Dr. Rob Vankirk
Rob Van Kirk is an Associate Professor of Statistics at Humboldt State University and Project Director of this interdisciplinary research and management effort. He holds B.A. and M.S. degrees from Humboldt State University and a Ph.D. in mathematics from the University of Utah. From 1981 to 1987, Rob worked for Mike and Sheralee Lawson at Henry's Fork Anglers, the most well known of the numerous fly-fishing outfitters on the Henry's Fork. From 1994 to 1998, Rob served as Research Director at the Henry's Fork Foundation, a nonprofit watershed conservation organization based in Ashton. He organized the first annual 'State of the Watershed' conference of the Henry's Fork Watershed Council in 1994 and has remained an active participant of the Council ever since. He met his wife, Sheryl Hill, through Watershed Council work. Rob's research interests include hydrology, fisheries biology, aquatic ecology, geomorphology, and application of quantitative tools to these scientific disciplines. His work has been used throughout the upper Snake River basin to develop collaborative management programs to benefit multiple water users and resources.
Dr. Yvonne Everett
Yvonne Everett (Ph.D. 1993, Wildland Resource Science-Landscape Ecology, UC-Berkeley) is a professor at Humboldt State University in the Environmental and Natural Resources Sciences department. She teaches courses in natural resources policy and regulation, planning, and ecosystem analysis. Yvonne also teaches courses for the Environment and Community graduate program. Her research interests include natural resources policy and planning and participatory and collaborative research methods in forest ecology, agroforestry and landscape ecology. Research projects have focused on the impacts of land use policy on ecological sustainability and effects of the 2004 tsunami in Sri Lanka and on collaborative planning and research for public land management and community forestry in the Pacific Northwest, including use of GIS technology for monitoring of impacts of forest resource use, non-timber forest product harvesting, and community based fire management. Yvonne believes that it is critically important that the knowledge and experience of local people are included in planning for natural resource management on public lands.
Dr. Mark Baker
Mark Baker (Ph.D. 1994, Wildland Resource Science, UC Berkeley) is a professor at Humboldt State University and teaches courses in the Department of Government and Politics and the Geography Department. He is also the program coordinator for the Environment and Community Program, M.A. in Social Science. He is interested in enduring and emerging community-based natural resource management regimes, with a particular focus on equity, collective action, and political authority. He is the author of The Kuhls of Kangra: Community-Managed Irrigation in the Western Himalaya (University of Washington Press, 2005) and the co-author of Community Forestry in the United States: Learning from the Past, Crafting the Future (Island Press, 2003).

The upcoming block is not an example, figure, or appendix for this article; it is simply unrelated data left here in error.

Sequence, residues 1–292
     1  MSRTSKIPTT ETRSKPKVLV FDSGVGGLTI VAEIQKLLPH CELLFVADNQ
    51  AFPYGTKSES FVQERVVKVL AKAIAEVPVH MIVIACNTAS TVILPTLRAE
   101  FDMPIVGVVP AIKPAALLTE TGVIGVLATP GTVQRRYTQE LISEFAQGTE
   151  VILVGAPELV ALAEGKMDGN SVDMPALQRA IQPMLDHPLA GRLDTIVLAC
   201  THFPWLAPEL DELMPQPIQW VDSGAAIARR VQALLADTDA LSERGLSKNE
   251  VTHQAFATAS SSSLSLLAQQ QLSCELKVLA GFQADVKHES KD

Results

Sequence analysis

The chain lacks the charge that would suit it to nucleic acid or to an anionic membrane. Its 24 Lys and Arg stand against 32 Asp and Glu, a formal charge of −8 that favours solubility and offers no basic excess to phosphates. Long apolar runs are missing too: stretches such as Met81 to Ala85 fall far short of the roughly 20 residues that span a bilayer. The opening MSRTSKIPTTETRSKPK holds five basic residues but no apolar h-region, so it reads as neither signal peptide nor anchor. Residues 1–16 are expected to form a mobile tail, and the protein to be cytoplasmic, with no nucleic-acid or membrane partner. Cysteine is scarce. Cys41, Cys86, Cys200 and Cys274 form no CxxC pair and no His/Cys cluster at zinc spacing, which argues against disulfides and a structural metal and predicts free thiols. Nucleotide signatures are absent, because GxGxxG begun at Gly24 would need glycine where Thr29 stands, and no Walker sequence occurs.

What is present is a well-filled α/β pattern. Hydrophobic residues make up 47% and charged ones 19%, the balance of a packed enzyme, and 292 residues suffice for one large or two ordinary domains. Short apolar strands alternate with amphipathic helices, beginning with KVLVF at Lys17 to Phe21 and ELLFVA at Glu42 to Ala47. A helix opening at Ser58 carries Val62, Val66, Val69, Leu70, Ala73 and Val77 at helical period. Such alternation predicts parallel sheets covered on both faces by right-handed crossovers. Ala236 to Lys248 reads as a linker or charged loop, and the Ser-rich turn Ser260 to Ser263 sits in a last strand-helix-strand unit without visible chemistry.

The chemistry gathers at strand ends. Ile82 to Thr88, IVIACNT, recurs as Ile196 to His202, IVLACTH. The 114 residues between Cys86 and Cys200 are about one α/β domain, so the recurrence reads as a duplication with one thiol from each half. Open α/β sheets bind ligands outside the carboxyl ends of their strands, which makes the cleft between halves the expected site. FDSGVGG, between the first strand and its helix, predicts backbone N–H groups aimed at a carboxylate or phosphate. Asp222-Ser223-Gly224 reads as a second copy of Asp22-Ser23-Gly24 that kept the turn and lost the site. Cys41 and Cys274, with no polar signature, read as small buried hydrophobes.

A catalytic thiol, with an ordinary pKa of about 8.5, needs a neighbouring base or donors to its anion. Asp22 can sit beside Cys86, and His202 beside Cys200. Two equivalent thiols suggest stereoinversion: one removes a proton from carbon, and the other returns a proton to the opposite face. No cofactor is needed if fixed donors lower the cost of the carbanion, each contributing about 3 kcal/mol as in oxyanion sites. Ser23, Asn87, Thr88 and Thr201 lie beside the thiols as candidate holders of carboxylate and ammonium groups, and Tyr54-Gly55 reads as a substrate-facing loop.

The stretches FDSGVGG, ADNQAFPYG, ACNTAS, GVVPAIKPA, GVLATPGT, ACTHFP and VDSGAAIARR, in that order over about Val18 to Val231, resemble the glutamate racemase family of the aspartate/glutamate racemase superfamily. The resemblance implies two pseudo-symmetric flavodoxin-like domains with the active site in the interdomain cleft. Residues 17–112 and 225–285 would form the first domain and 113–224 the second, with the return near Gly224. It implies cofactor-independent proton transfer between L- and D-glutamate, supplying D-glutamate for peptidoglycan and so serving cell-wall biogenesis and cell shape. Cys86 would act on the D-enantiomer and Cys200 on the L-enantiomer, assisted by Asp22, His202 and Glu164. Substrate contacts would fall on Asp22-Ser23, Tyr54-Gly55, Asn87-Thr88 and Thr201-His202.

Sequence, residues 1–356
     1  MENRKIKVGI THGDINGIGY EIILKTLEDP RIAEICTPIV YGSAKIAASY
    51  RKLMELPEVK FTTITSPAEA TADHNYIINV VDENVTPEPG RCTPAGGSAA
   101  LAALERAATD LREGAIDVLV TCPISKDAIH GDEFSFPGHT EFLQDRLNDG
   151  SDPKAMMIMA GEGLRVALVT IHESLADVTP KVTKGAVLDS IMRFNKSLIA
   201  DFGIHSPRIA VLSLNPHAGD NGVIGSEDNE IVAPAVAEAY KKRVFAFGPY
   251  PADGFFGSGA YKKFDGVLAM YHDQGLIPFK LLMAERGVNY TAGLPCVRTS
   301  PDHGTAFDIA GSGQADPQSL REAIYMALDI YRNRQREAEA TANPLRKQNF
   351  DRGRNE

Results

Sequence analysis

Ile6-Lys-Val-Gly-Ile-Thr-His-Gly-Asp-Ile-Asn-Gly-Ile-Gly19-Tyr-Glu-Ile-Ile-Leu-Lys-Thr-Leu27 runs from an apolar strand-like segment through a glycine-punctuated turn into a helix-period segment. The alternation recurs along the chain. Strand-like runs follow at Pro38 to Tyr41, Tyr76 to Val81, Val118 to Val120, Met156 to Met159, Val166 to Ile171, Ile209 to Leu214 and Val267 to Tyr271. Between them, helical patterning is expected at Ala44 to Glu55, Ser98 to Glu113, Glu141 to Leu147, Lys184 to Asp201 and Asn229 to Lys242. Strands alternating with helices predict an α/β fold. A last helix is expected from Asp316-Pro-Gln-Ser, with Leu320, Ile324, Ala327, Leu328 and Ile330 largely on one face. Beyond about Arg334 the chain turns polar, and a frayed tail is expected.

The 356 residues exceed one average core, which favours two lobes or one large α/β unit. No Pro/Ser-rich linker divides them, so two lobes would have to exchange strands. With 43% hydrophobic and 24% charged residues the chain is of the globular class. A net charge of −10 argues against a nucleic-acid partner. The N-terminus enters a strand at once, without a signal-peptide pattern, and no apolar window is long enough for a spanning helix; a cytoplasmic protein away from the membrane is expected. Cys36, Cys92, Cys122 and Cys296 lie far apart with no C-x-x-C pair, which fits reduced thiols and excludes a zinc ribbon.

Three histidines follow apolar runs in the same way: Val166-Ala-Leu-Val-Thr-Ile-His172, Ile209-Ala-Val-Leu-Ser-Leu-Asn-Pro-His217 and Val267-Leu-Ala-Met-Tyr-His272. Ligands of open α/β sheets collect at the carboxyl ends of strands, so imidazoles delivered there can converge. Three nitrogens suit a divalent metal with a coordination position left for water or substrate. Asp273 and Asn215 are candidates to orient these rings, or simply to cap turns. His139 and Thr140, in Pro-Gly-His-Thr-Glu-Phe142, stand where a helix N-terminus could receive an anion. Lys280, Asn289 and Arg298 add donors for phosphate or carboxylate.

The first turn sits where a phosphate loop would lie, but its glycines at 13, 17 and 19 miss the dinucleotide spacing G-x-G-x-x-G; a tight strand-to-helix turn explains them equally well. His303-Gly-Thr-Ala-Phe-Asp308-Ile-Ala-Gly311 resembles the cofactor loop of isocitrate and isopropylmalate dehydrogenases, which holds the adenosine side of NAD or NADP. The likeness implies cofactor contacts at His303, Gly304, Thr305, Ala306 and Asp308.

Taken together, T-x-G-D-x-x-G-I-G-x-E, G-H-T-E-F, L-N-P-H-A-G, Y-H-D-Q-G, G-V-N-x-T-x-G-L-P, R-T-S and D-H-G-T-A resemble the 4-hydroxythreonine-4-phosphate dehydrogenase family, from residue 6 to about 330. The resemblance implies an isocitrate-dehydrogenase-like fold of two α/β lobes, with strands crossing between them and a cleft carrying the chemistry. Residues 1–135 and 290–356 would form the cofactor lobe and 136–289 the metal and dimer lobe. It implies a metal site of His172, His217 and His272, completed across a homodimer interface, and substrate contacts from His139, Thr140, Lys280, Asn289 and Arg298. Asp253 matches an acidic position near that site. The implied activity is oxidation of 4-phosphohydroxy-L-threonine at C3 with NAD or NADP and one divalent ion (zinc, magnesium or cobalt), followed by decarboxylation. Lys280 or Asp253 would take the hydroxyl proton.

Dr. Steven Steinberg
Steven J. Steinberg, PhD, GISP, is a Professor of Geospatial Analysis and Director of the Institute for Spatial Analysis at Humboldt State University in Arcata, California. He has researched and presented extensively on the application of geospatial analysis technologies for modeling and visualization in both human and natural environments. Dr. Steinberg teaches courses in map analysis, GPS, GIS, image analysis and geospatial modeling and analysis. In 2004, he was selected as a Fulbright Scholar and appointed as Distinguished Chair of Airborne Remote Sensing at the Centre for Scientific Computing, Simon Fraser University in Vancouver, British Columbia, Canada. In 2005 he was honored with Humboldt State University's Alistair McCrone Promising Faculty Scholar award. In the fall of 2008 Dr. Steinberg was invited to teach at the University of Helsinki, Finland, as a Fulbright Senior Scholar in the International Master's Degree Programme in Geoinformatics (GIMP). He is co-author of GIS for the Social Sciences: Investigating Space and Place with Dr. Sheila Lakshmi Steinberg.
Dr. Brad Finney
Brad received his B.S. from Humboldt State University and M.S. and Ph.D. degrees from Utah State University. He currently teaches courses such as Computational Methods for Environmental Engineering and Water and Wastewater Treatment Engineering in the Environmental Resources Engineering department at Humboldt State University. His research and consulting interests include water quality modeling, water resource planning, sustainable water and wastewater treatment, and constructed wetlands.